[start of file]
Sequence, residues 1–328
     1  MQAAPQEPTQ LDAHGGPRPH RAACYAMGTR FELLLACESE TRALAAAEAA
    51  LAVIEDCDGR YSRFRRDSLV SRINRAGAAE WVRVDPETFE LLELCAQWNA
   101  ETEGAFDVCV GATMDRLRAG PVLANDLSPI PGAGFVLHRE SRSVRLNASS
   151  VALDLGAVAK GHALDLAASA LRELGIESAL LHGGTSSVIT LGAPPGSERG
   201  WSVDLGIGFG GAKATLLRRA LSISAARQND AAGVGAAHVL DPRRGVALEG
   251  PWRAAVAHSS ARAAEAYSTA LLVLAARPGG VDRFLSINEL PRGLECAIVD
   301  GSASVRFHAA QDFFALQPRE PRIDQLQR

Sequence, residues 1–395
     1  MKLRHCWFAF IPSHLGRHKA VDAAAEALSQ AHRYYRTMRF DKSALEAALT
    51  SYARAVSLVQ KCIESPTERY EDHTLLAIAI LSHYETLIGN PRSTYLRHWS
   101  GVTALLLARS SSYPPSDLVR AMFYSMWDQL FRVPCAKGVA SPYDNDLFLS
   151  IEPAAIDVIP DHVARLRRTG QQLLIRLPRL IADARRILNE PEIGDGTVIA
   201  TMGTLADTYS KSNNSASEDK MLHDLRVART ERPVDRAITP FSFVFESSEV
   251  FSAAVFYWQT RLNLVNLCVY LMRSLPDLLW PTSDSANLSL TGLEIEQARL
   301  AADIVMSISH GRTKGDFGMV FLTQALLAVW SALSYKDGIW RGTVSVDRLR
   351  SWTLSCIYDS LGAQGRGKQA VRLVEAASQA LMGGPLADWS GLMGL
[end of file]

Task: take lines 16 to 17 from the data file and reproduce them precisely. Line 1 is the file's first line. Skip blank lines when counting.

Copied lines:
   301  AADIVMSISH GRTKGDFGMV FLTQALLAVW SALSYKDGIW RGTVSVDRLR
   351  SWTLSCIYDS LGAQGRGKQA VRLVEAASQA LMGGPLADWS GLMGL